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To prove adultery, the circumstantial evidence must be so strong that no other reasonable conclusion can be drawn. La. Civ. Code Ann. art. 160 provides that when the wife has not been at fault, and she has not sufficient means for her support, the court may allow her, out of the property and earnings of the husband, alimony which shall not exceed one-third of his income when: the wife obtains a divorce; the husband obtains a divorce on the ground that he and his wife have been living separate and apart, or on the ground that there has been no reconciliation between the spouses after a judgment of separation from bed and board, for a specified period of time; or the husband obtained a valid divorce from his wife in a court of another state or country which had no jurisdiction over her person.
Defendant husband Elmer F. Bennett obtained a judgment of separation against plaintiff wife Phyllis Ann Hollibaugh Bennett in 1974, on the ground of habitual intemperance. Subsequently, defendant began dating, he and his date admitted taking trips together, occupying one room overnight in hotels and motels. Defendant and his date denied having any sexual intercourse. Plaintiff filed an action for divorce on the grounds of adultery. Defendant reconvened, seeking a divorce based on living separate and apart for one year without reconciliation after a judgment of separation. The lower court dismissed the plaintiff’s demand and granted judgment in favor of defendant on his reconventional demand. Plaintiff sought review.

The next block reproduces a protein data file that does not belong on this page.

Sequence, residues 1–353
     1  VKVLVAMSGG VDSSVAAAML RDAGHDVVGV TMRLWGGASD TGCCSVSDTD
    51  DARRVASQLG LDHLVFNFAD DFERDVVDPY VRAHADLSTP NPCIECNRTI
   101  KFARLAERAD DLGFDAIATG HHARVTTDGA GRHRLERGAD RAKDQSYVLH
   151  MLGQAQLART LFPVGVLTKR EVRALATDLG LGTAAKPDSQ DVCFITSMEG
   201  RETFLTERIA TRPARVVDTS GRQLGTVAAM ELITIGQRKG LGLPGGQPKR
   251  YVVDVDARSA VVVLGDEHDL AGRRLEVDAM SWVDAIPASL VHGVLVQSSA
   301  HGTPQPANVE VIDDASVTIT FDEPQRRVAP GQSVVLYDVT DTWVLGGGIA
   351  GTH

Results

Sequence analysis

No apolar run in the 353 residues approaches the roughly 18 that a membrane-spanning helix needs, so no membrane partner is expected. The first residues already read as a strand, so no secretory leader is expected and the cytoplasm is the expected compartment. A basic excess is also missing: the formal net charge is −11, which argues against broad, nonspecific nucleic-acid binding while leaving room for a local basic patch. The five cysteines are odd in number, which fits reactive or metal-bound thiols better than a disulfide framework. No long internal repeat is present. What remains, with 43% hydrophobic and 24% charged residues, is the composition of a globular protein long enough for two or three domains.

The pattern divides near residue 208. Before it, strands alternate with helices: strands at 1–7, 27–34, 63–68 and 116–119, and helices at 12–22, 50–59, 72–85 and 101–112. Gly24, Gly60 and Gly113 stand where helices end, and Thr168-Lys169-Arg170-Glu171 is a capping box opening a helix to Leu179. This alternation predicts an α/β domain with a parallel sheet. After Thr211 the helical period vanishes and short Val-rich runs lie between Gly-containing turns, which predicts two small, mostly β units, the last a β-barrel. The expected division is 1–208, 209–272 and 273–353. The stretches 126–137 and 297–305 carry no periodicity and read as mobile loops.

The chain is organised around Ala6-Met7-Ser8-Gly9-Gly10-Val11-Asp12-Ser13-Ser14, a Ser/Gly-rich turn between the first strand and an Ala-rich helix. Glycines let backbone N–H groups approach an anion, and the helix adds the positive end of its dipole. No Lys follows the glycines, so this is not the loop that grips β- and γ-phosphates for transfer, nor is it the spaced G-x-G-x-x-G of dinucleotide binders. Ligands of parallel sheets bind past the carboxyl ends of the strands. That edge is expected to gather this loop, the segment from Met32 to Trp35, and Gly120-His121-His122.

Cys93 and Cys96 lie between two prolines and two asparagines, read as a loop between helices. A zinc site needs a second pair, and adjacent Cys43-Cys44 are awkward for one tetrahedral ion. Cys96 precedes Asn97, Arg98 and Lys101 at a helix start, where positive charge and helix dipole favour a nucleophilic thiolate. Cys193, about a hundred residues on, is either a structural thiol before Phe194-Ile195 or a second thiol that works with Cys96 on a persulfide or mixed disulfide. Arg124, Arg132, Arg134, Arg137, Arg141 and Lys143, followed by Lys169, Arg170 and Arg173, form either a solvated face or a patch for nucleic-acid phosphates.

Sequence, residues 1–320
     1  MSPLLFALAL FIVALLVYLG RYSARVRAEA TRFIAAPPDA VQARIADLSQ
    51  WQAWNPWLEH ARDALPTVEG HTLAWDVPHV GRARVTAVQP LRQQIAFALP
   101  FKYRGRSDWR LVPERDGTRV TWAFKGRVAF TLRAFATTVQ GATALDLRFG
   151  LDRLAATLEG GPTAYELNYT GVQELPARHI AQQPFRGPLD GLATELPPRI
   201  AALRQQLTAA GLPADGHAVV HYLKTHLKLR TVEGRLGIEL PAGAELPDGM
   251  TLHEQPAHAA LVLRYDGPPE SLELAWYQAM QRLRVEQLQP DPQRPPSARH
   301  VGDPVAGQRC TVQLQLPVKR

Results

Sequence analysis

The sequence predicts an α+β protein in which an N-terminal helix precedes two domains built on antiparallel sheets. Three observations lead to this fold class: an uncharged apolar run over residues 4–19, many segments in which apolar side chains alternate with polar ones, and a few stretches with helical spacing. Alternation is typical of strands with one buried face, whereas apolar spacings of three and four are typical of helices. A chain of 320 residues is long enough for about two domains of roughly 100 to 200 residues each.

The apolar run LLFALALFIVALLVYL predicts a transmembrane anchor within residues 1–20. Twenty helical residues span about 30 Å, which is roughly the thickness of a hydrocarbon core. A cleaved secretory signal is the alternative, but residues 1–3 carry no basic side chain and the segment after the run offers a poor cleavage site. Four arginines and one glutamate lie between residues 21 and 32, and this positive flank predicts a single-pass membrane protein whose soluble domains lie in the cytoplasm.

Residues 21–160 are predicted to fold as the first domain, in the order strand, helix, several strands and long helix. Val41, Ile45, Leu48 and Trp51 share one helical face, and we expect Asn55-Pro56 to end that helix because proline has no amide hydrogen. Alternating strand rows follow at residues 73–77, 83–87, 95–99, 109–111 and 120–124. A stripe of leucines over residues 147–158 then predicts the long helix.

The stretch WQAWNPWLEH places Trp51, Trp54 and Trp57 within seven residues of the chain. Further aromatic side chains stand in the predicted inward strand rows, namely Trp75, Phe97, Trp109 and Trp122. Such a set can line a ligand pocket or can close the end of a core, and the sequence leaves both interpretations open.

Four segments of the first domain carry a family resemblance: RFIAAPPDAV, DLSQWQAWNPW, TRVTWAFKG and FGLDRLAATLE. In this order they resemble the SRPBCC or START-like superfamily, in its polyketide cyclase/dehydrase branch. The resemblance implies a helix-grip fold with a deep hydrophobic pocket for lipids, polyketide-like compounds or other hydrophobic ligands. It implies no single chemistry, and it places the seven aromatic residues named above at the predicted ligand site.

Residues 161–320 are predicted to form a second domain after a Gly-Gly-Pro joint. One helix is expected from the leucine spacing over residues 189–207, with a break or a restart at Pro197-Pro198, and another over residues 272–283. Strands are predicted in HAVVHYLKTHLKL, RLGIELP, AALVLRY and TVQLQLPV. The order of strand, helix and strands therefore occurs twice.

Did the trial court err in holding defendant not guilty of adultery?
The court reversed the judgment and rendered in favor of plaintiff granting her an absolute divorce. The court held that the lower court judge was manifestly erroneous in accepting the self-serving testimony of the defendant and his date, rather than the overwhelming circumstantial evidence to the contrary. Thus, the court concluded that the divorce should have been awarded to plaintiff on the grounds of adultery. The court also determined that, under La. Civ. Code Ann. art. 160, plaintiff was precluded from obtaining post-divorce alimony because she had been found at fault in the separation.